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Largest stimulus package in U.S. history includes agriculture

National Pork Board Bane farm
Legislative Watch: Another stimulus in spring; more U.S. plants can ship to China; Kenya FTA; Brashears confirmed; National Ag Day.

Congress has approved the $2 trillion coronavirus stimulus package and President Trump has signed the bill. 

The stimulus package is designed to help stem the economic decline affecting individuals, companies, industries and small-businesses because of the crisis. The package provides direct financial checks to many Americans, expands unemployment insurance, includes billions of dollars in loans to small and large businesses, and provides major resources to hospitals. This is the largest stimulus package in U.S. history. 

Recognizing the difficulties facing farmers and ranchers, the stimulus package gives USDA an additional $14 billion for the Commodity Credit Corporation to provide another round of Market Facilitation Program payments to producers. There is also $9.5 billion to assist livestock, dairy and specialty crop producers. Producers who support local food entities such as farmers markets, schools and restaurants would be eligible for assistance. There is a temporary three-month extension on repayment of commodity marketing assistance loans, from nine months to a year.

A number of Senators requested that cattle producers be eligible for the next round of payments. In a letter to Secretary of Agriculture Sonny Perdue, Senators Jerry Moran (R-KS), John Hoeven (R-ND) and others asked USDA to make a one-time emergency payment to cattle producers. 

With the expectation of increased participation in the Supplemental Nutrition Assistance Program, an additional $15.5 billion was added to the program. It also includes $8.8 billion in additional funding for Child Nutrition Programs and $450 million for the Emergency Food Assistance Program. 

The administration and Congress plan to consider another stimulus package.

More U.S. pork and beef plants can ship to China
USDA's Food Safety and Inspection Service last weekend listed additional U.S. pork and beef plants that can now export to China under new regulations of the "phase one" trade agreement.  FSIS listed 449 pork plants and 492 beef plants.

Dan Halstrom, president and CEO of the U.S. Meat Export Federation said, "With much broader access for U.S. beef, the U.S. industry is well-positioned to expand its presence in the largest and fastest growing beef market in the world. And while unprecedented volumes of U.S. pork have been shipped to China in recent months, the U.S. pork industry has also faced significant barriers that have kept exports below their full potential. The changes announced in the Export Library will benefit pork exporters looking to expand their business in China, as well as producers and everyone in the U.S. supply chain."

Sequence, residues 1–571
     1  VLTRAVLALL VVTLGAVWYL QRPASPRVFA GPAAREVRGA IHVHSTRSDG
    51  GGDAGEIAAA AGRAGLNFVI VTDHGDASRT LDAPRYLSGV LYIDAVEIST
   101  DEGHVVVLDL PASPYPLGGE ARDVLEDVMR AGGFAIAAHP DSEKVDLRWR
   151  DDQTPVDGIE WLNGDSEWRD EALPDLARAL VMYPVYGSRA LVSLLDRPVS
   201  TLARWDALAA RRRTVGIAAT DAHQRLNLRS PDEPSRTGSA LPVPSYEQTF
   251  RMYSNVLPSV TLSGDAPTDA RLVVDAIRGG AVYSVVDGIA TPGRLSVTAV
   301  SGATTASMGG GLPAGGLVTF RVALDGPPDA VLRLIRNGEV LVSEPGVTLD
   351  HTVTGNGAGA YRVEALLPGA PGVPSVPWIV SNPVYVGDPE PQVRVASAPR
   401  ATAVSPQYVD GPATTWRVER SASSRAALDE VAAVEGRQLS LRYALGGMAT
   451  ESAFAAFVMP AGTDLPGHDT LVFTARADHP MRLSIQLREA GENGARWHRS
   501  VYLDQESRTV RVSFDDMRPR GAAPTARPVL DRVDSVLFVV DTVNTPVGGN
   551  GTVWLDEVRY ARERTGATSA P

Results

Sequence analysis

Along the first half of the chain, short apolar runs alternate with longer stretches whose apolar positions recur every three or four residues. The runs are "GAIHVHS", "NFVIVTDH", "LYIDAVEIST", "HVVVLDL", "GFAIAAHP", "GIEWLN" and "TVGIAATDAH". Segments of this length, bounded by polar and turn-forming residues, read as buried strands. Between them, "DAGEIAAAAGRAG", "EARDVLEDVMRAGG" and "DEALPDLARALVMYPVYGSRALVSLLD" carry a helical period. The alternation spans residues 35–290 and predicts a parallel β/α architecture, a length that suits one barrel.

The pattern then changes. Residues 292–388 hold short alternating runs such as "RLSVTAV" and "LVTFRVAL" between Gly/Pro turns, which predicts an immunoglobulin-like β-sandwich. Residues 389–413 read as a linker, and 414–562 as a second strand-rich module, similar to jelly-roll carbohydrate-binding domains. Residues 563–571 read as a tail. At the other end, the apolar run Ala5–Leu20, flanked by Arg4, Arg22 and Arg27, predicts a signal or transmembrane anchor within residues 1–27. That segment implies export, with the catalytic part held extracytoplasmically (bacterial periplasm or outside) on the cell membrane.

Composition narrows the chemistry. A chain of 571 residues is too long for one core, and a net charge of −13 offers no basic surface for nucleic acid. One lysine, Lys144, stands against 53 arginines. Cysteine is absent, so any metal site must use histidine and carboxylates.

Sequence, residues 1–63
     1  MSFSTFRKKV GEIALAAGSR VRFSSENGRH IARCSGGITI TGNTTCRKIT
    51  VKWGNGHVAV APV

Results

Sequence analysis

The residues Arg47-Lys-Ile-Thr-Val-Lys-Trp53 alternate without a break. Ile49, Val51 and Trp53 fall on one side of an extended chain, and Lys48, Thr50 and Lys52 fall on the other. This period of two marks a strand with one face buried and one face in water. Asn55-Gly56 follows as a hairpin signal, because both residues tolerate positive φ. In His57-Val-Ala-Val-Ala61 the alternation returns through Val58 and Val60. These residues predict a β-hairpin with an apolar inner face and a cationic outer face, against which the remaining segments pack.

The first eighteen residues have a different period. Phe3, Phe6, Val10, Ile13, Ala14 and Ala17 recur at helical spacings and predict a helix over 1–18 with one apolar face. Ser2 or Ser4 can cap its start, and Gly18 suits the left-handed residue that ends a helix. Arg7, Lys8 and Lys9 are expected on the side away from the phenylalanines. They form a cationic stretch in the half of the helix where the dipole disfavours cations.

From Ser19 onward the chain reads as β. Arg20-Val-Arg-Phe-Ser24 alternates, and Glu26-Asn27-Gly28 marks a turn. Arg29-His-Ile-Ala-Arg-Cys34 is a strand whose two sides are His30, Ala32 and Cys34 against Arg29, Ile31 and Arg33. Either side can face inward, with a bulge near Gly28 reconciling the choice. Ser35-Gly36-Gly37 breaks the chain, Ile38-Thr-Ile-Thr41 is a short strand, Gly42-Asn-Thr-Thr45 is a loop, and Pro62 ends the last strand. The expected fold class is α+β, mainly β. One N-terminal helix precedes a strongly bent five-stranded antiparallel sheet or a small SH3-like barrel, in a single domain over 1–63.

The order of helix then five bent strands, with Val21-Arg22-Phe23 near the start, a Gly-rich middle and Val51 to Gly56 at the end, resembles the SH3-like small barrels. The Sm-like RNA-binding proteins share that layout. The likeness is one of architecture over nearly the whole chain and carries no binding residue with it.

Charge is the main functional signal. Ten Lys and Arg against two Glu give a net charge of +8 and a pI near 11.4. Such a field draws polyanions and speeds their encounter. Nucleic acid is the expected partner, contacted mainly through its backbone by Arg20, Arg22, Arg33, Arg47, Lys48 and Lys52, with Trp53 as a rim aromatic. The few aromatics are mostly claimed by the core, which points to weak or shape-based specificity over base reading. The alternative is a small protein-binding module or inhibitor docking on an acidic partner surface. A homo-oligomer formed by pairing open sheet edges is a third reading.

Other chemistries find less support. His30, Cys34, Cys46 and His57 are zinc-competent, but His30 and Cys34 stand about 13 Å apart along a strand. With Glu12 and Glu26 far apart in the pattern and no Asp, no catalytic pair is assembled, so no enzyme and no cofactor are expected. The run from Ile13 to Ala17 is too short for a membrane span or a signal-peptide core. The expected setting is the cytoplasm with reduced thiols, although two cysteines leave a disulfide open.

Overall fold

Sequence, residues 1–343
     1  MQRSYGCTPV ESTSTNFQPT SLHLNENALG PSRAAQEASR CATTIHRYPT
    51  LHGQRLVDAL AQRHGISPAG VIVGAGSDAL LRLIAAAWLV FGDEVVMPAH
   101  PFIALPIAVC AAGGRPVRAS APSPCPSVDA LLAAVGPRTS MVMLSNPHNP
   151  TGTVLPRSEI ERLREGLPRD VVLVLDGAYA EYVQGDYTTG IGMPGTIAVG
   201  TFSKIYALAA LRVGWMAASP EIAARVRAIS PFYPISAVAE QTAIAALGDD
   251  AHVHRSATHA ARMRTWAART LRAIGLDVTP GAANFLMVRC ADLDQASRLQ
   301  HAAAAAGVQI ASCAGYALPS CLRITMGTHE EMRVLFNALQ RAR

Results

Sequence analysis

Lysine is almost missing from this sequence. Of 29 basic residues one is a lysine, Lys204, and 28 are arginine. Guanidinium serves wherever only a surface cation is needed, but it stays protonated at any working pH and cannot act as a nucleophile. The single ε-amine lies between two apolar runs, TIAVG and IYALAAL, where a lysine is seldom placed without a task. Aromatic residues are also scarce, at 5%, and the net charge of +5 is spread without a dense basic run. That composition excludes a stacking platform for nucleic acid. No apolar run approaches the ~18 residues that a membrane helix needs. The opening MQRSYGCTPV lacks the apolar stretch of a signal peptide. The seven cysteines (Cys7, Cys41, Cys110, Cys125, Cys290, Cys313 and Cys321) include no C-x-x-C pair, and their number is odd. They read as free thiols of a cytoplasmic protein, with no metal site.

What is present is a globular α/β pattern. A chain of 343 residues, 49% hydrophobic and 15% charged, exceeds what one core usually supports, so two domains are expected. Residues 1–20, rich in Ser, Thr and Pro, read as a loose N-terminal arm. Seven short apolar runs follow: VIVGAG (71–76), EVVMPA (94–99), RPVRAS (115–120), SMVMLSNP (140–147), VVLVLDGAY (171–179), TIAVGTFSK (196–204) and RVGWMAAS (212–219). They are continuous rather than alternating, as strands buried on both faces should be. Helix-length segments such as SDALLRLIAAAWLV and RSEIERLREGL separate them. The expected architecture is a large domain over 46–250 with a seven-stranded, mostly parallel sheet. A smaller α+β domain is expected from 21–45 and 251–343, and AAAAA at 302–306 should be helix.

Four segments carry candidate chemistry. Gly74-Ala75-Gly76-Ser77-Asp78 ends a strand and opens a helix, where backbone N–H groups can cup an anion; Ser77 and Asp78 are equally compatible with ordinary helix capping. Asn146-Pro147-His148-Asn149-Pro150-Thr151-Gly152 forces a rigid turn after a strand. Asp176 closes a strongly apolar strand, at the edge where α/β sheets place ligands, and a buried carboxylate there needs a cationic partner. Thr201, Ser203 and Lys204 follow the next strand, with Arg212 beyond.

Kenya FTA
The administration informed Congress that it intends to begin official trade negotiations with Kenya. The United States Trade Representative must notify Congress 90 days before the U.S. enters into free trade agreement negotiations. 

USTR will hold a public hearing on April 28 for the public to testify on the objectives of the trade agreement negotiations with Kenya. Public comments must be sent to USTR by April 15.

Kenya is theUnited States' 98th largest trading partner with $1 billion in two-way trade in 2018. According to USTR the top U.S. exports to Kenya in 2019 were aircraft ($59 million), plastics ($58 million), machinery ($41 million), and cereals (wheat) ($27 million) and the top U.S. imports from Kenya were apparel ($454 million), edible fruit & nuts (mostly nuts) ($55 million), titanium ores and concentrates ($52 million), and coffee ($34 million).

Brashears confirmed
The Senate confirmed Mindy Brashears as USDA's Under Secretary for Food Safety. She had been serving as Deputy Under Secretary for Food Safety. 

National Ag Day
President Trump proclaimed March 24 as National Agriculture Day. 

Secretary of Agriculture Sonny Perdue said, "Our farmers, ranchers, foresters and producers in America are feeding and clothing the world. Now more than ever it's important that the American people not forget that. Our farmers are resilient, and during these uncertain times they are still working, day in and day out, to produce what's needed for our growing population. Today, on National Ag Day, I challenge the American public to keep our farmers, ranchers and producers on their minds – for all their work to provide us a safe, healthy and abundant food supply. We owe them a debt of gratitude."

Source: P. Scott Shearer, who is solely responsible for the information provided, and wholly owns the information. Informa Business Media and all its subsidiaries are not responsible for any of the content contained in this information asset.


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